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Fujinon Mariner WPC-XL Binoculars

Best boat binoculars: mid-range option

Specifications: Weight – 819g | Dimensions -7.2 x 2.5 x 7, / 18.3 x 6.3 x 17.8 cm

Reasons to buy
• Polycarbonate housing makes them really light
• Brilliant long eye relief
• Great value for money

Reasons to avoid
• Lenses struggle in lower light
• Lack of grip makes them slipper in the wet

A great mid-range set of 7×50 binoculars. The first thing you’ll notice is that the polycarbonate housing keeps them really light, at just 0.8kg. That really makes a difference when you’re scanning the horizon for a period of time. These binoculars also have long eye relief. Put simply, if you wear glasses, long eye relief means you can use your specs and not suffer any reduction in your field of vision.

The lenses are a good quality, although we struggled slightly in lower light. The one surprise is that the body is smooth, and that lack of grip makes them a bit slippery in the wet. It’s a strange omission for marine binoculars, but a minor grumble. The trade off is they will float with the addition of a buoyancy strap, which will one day prove to be a godsend. Serious value for money at this price.

Konus 7x50 Tornado marine binoculars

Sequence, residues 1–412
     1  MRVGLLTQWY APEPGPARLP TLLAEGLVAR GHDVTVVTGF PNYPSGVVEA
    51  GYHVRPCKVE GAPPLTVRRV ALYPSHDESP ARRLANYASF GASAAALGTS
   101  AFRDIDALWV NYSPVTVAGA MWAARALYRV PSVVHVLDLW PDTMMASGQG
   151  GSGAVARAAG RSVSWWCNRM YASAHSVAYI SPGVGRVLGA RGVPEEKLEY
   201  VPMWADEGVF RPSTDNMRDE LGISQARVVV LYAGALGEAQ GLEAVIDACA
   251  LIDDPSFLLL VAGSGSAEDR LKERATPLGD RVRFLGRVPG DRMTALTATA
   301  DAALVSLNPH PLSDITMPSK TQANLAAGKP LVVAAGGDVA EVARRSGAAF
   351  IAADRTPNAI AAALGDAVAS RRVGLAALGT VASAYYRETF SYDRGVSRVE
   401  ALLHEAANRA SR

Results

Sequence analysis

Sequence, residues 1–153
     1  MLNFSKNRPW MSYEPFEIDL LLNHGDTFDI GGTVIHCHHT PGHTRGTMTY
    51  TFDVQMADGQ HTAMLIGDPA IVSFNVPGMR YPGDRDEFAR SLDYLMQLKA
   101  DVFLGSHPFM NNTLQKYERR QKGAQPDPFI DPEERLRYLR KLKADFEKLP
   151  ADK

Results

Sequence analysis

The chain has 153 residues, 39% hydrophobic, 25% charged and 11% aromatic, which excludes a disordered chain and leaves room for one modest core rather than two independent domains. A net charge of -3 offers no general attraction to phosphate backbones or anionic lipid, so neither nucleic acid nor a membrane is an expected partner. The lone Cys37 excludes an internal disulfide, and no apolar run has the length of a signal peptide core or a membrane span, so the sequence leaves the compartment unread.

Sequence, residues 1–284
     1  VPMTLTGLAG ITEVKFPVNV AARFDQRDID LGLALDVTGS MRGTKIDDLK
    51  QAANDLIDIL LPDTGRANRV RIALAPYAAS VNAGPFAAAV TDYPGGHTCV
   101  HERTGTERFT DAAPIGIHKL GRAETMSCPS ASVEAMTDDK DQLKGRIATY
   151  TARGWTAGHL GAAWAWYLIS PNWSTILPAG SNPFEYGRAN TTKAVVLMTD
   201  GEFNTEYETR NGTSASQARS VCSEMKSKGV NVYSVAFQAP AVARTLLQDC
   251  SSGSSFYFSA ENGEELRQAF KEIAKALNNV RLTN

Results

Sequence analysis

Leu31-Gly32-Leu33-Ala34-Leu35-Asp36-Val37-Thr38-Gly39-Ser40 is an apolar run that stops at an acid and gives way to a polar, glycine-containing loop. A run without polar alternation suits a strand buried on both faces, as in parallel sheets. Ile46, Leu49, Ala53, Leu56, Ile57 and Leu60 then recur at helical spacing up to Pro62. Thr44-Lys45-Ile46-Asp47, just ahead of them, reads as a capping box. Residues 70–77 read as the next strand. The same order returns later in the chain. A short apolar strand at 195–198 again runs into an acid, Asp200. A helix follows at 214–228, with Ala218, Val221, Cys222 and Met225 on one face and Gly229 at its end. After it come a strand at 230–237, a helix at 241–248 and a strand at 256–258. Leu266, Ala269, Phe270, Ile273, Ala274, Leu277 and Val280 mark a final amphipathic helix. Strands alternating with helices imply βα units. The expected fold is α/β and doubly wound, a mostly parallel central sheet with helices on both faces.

Konus 7×50 Tornado marine binoculars

Specifications: Weight – 890 g -rubber coated

Reasons to buy:
• floating and waterproof
• nitrogen filled
• built-in illuminated compass

Reasons to avoid:
• the eye cups can be a little unforgiving

The Konus 7×50 Tornado marine binoculars float and are waterproof, they autofocus and come with a two-year warranty. They use BaK4 prisms and special coated optics to allow as much light through to the eye as possible.

The right-hand barrel displays a compass that can be illuminated with a press of a button and a range-finding reticle. The rangefinder is extremely clear with numerals to assist measurements.

The product is shipped in simple cardboard packaging and the carry case comes with a useful front pocket and its own strap. The lens protectors are attached to the binocular frame, so they won’t get lost, and note that the sturdy metal plate that prevents the lens protectors from getting loose is also a tripod socket (something the instructions failed to mention).

The eyepiece protection cap is a one-piece element with a useful eyelet built in for attaching to the provided neck strap. Neck straps are never easy to fit, but it’s a ‘one-and-done’ kind of job!

The rubber eye cups fold back easily for those who wear spectacles all the time and each eyepiece has an adjustable focus ring to help get the sharpest image.

The test pack included two LR43 battery cells (for powering the compass light) and a lens cleaning cloth. The battery container is simple to access, but reassuringly secure against water ingress. The compass is well damped.

Plastimo Rescue 7×50 marine binoculars with compass

It is always good to see companies respecting the environment and packaging their products in simple, lightweight cardboard packaging. Despite the brand name, Plastimo has not over-used plastic when packaging these marine binoculars.